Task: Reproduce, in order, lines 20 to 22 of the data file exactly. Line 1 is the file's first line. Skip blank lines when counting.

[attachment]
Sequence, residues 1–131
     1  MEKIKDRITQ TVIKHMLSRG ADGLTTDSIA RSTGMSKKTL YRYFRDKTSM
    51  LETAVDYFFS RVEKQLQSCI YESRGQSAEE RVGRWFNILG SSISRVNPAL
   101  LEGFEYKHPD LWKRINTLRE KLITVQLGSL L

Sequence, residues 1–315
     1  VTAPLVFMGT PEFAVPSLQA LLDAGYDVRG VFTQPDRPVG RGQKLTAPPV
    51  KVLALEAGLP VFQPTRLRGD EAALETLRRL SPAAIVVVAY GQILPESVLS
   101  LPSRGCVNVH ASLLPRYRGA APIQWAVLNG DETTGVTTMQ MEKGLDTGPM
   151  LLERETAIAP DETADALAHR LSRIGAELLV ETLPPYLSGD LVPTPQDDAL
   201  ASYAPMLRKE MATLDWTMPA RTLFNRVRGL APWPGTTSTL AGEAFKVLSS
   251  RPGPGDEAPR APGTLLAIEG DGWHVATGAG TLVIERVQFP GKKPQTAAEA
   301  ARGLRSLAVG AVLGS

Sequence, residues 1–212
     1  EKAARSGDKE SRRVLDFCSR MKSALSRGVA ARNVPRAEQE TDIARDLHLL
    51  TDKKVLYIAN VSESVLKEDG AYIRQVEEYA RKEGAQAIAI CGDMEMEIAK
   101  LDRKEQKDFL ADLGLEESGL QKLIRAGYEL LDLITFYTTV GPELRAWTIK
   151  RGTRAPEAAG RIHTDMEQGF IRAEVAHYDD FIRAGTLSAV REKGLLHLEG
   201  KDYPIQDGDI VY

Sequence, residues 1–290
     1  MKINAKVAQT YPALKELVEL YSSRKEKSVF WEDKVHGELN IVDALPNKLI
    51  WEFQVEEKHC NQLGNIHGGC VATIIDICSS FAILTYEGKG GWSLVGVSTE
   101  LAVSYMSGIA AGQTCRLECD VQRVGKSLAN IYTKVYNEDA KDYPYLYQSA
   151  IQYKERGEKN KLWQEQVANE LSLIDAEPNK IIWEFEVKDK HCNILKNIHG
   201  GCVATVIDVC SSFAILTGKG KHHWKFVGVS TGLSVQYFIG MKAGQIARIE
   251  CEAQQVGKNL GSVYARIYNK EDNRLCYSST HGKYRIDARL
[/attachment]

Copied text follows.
     1  MKINAKVAQT YPALKELVEL YSSRKEKSVF WEDKVHGELN IVDALPNKLI
    51  WEFQVEEKHC NQLGNIHGGC VATIIDICSS FAILTYEGKG GWSLVGVSTE
   101  LAVSYMSGIA AGQTCRLECD VQRVGKSLAN IYTKVYNEDA KDYPYLYQSA